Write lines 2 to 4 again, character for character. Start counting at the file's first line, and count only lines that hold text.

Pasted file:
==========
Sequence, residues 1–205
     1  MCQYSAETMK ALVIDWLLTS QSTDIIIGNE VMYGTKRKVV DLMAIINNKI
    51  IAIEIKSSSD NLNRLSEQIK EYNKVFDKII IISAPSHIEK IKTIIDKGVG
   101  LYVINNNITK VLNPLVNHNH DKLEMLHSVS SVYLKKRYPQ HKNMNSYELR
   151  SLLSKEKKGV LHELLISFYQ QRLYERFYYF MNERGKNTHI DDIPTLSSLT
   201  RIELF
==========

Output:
     1  MCQYSAETMK ALVIDWLLTS QSTDIIIGNE VMYGTKRKVV DLMAIINNKI
    51  IAIEIKSSSD NLNRLSEQIK EYNKVFDKII IISAPSHIEK IKTIIDKGVG
   101  LYVINNNITK VLNPLVNHNH DKLEMLHSVS SVYLKKRYPQ HKNMNSYELR